To the question of technical feasibility, there are many existing technologies that would support the consumer-directed approach: NLP to translate natural language; Web 2.0-style workflows such as semantic wikis; ontology editors; and many others. While various technologies have an affinity with a consumer-directed approach, they should not be confused as implementations of a consumer-directed approach. For example, NLP may be used to transform a natural language statement into a formal semantic representation. Under a content-directed model, it may be used as a gateway into the exploration of existing knowledge models, while under a consumer-directed model, it may be used in the creation of knowledge models. Similarly, tools such as ontology editors may be used by knowledge engineers or simplified for use by lay people, depending on the overarching implementation strategy.

Critically, however, the consumer-directed approach requires a break with past approaches, putting the focus of the knowledge modeling unambiguously on the consumer wants instead of the producer wares.

At Primal, we have a compelling proof of concept for this consumer-directed approach that leverages a new technical capability called semantic synthesis. Semantic synthesis places thoughts in meaningful, task-oriented contexts. In real time, the technology enables consumers to create, manage, and deploy semantic networks without requiring knowledge of the underlying technical structure. Consumers input their thoughts through free text or by indicating concepts of interest from a set of suggestions that the system provides. Primal synthesizes (or fuses) thoughts as primitive concepts into higher-order constructs to form ideas, arguments, and perspectives. In a dynamic process, the thoughts of consumers are represented semantically and connected to online content. Text analysis is used to categorize and annotate unstructured online content within expansive knowledge models generated by the consumers.

 

 

We are examining the productivity of this consumer-directed approach through alpha testing of our thought networking services at www.primal.com. We are demonstrating a significant production of semantic data with relatively minimal effort from consumers. We are also testing various product designs to enable thought networking through alternate user interactions and channels. We plan to publish derivatives of these semantic representations as Linked Data through our Primal Developer API and services.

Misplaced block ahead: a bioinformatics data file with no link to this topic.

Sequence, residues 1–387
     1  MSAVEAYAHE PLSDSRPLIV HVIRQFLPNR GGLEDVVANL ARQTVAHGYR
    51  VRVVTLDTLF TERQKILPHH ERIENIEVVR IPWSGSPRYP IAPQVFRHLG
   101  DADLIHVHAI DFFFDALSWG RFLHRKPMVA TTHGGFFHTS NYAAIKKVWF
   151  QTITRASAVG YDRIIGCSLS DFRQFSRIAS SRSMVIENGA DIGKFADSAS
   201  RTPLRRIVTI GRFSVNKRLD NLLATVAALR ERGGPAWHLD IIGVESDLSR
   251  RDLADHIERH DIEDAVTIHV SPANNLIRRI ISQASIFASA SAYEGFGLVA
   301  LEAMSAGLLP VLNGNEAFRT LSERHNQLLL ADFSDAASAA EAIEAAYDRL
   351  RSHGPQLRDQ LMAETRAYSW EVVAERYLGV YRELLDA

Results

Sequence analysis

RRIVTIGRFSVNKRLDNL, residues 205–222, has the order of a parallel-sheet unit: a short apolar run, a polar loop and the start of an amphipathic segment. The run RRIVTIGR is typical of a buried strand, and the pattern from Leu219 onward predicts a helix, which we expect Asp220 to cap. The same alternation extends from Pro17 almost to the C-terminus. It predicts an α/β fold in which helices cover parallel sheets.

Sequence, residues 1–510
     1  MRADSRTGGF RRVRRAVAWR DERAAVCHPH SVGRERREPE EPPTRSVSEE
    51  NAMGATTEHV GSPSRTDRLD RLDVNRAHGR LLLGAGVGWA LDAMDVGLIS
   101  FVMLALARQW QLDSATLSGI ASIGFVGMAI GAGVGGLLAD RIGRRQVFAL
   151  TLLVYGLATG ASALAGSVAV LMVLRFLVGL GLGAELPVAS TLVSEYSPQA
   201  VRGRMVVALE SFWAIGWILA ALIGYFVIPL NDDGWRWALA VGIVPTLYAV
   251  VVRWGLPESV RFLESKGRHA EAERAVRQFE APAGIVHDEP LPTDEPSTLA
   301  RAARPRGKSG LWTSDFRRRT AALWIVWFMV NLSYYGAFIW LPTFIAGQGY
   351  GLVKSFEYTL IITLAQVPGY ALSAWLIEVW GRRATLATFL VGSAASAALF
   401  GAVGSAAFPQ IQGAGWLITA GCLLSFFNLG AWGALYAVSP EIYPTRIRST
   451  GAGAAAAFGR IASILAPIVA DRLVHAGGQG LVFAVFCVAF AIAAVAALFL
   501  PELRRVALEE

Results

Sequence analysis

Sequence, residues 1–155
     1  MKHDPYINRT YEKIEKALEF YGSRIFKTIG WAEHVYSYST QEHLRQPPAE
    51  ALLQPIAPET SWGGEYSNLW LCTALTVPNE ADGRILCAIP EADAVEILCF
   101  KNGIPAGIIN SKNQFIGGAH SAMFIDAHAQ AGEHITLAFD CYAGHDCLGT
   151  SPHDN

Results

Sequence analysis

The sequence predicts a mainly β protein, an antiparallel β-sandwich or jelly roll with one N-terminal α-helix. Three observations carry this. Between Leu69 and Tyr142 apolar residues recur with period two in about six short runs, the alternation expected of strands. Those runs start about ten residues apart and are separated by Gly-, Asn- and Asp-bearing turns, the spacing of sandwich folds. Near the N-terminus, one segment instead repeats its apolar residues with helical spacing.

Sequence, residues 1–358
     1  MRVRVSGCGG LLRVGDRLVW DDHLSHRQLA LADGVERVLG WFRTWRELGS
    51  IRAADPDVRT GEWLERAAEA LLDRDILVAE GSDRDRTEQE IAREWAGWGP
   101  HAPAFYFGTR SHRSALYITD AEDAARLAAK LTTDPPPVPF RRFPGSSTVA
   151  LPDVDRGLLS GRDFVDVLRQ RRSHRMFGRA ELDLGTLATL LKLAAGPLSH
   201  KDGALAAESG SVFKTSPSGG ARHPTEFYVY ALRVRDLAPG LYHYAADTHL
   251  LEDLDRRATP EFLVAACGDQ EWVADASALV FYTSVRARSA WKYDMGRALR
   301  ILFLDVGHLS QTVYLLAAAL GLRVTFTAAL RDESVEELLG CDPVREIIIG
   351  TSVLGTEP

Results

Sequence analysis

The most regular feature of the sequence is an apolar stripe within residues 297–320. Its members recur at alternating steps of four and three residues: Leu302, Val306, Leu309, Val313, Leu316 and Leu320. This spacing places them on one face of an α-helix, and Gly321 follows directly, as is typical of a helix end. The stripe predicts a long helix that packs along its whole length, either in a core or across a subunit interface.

Benefits for Building the Semantic Web

Much of the effort in this field has focused on the complexity and intricacies of making existing content machine-readable. Creating semantic representations of content is valuable, but only one side of the coin. We also need to create knowledge models for people as the consumers of content, to give a voice to their perspectives. But most importantly, we need to recognize that every person is a semantic generator; collectively, we are the ultimate meaning-making machines. How can we better devise solutions to put those billions of semantic generators to work on building the Semantic Web?

Consumer-directed semantic networking can help by providing many hands on the problem, a wealth of knowledge models, and semantically annotated content. In terms of scalability, this approach may seem counterintuitive: our content assets are very tangible, while the thoughts and intentions of consumers are abstract and seemingly boundless. On closer inspection, however, it becomes tractable. It is far easier for a consumer to provide a snapshot of their knowledge directed to a specific task, than for a producer to try to anticipate all the possible perspectives on their content.

Obviously, on a global scale, the Semantic Web remains an extremely large undertaking, but the proposed consumer-directed approach offers an important scalability benefit. The factors of production—the consumers driving this process—move in lockstep with their consumption. Further, as consumers begin to capture their mental models and tasks in this formal way, there is the potential for individual reuse. We can reapply aspects of the same mental models to many tasks.